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A little goes a long way: Post ERP implementation. Keep the lines of communication open and listen to the users

Author: Kevin Kress

As project managers, when implementing a new ERP project we go a long way in our detailed analysis to interview the client. We arrange meetings and gather groups in a boardroom, laptops in hand and whiteboards at the ready.

We listen, make notes, draw pictures and in partnership with the client, develop a vision of the implementation.  The scope of work is defined that theorizes the vision to the best of our collective practical experience.

Once the scope of work is accepted, we begin our process of product configuration, data conversions, training, and implementation. We do our job right, the vision comes to life, and our client goes live with the system. Happy faces and standing ovations all around!

Post implementation has pulled back and the support calls have tailed off. All is quiet and all is good, then as Project Managers we go on to the next project.

From the client’s perspective, management signs off on the project. Management is seeing the expected results, tracking their business, running their reports and enjoying greater visibility into the day to day activities.

However, for the everyday users they are just beginning to live with the system. As they battle test the workflow, they are an invaluable source of feedback. That’s when the real room for improvement can occur. It’s important that suggestions or idea’s that come from the users be documented and tracked and responded to, no matter how seemingly minor . Each idea potentially represents a gain in efficiency and minimizing a margin of error.

Two things happen when this occurs, cost benefits arise from improvements in workflow, and just as important, the users begin to buy into the new system and start to take ownership.

Something often overlooked in an implementation is that whatever system was in place before had probably been in place for years prior, and the users had grown familiar with the process. With the new system in place, you don’t want them waxing nostalgic about the old days. You want them looking ahead, and the way to do it is by listening and responding.

A few examples are, a request from the accounts receivables clerk to add a status field to a payment receive screen. It’s a simple add-on that saves three clicks when processing payment receipts.

A user has to scroll over three columns on a sales order line. A quick screen editing change puts a smile back on their face.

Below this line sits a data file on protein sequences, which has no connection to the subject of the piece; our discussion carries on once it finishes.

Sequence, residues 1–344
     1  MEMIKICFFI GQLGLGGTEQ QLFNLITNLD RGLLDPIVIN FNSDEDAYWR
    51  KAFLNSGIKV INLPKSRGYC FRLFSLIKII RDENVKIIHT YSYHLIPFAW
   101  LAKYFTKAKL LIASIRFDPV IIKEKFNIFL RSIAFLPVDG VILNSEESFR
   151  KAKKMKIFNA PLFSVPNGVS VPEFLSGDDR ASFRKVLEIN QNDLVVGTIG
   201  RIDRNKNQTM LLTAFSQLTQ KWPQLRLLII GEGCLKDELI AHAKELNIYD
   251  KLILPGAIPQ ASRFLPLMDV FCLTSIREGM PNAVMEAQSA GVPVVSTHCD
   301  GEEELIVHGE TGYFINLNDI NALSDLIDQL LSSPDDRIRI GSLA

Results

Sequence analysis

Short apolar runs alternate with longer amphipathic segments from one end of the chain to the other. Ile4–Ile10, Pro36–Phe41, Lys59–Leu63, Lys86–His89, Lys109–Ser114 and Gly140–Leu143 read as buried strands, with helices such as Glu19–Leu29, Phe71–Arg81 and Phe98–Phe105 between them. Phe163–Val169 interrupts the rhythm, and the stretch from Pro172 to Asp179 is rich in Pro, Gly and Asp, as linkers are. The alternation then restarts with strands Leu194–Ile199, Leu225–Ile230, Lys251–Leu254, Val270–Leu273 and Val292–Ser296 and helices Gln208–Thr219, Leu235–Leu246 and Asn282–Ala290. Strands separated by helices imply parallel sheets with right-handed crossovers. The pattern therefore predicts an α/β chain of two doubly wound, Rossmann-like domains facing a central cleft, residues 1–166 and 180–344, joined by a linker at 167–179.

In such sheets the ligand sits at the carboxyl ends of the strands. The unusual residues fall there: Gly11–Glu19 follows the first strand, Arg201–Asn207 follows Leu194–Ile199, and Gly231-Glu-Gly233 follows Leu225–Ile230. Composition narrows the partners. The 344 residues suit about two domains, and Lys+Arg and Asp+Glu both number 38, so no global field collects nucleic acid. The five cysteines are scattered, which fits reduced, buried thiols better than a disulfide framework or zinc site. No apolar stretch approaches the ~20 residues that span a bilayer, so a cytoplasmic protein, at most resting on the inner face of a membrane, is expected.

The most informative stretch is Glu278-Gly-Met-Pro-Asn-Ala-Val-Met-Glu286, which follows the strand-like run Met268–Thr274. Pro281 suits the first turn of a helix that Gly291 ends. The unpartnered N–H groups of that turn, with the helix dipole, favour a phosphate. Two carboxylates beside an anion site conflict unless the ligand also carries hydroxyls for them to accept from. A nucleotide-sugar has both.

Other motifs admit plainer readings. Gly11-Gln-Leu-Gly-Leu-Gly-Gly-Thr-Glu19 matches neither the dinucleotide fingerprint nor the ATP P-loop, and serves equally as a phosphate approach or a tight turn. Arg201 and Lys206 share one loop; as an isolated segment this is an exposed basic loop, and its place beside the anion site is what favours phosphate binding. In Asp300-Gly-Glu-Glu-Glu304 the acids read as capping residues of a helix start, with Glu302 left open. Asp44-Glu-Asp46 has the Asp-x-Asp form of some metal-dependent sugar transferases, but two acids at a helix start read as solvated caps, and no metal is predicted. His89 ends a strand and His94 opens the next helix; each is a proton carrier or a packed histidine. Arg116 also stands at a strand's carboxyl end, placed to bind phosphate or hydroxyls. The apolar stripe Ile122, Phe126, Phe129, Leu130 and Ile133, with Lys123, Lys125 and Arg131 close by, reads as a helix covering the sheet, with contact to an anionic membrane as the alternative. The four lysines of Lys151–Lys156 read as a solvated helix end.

Another client brings on a product line that shifts the dynamic of the order process from a strict buy-to-order process to mixed inventory/buy-to-order process. We propose a flag to the sales order to enable selectively choosing which items will have purchase orders generated for them. This simple fix dramatically improves the efficiency of the flow.

Then there is the client whose sales order picking process needed a tweak of the screen to enable them to sort in their unique way. Once again, voila magic. Done. This simple change improved the customer’s efficiency and negated the margin of error in the picking process.

All of these suggestions came post implementation after the client was using the system. All were simple changes that had a positive impact on the customer’s workflow, and all were addressed quickly and at low cost.

When you implement with a client, you are not building a fixed solution; you are starting a relationship, a relationship that, if successful, is open and fosters growth. Offer the ability to be responsive and flexible to the ongoing growth of the client as their business model evolves.

And as in any relationship, communication is the key. Don’t assume that if all is quiet, all is good. Give them a call, talk to the users, the people who push the system to its limits and listen. If it’s not possible to get down in the trenches, talk to the managers and supervisors.

You’re not looking for major projects, but simple things that make their lives easier. You’ll soon come to find “a little does go a long way”.

About the Author:

Kevin Kress, ERP Implementation Specialist at Profit Solutions International

Kevin is a 10-year veteran of implementing ERP solution in manufacturing, distribution and mixed environments. His prior background includes newspaper publishing, commercial printing, IT systems administration, product engineering and project management. From fit gap anaylysis through project sign-off and post implementation support, Kevin’s approach is to embed himself in the user experience in order to provide the best solution. He considers himself a partner with all of the clients he has had the honour to work with.

Kevin Kress can be contacted at kkress@psierp.com

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  • Winnie

    Good writing Kevin!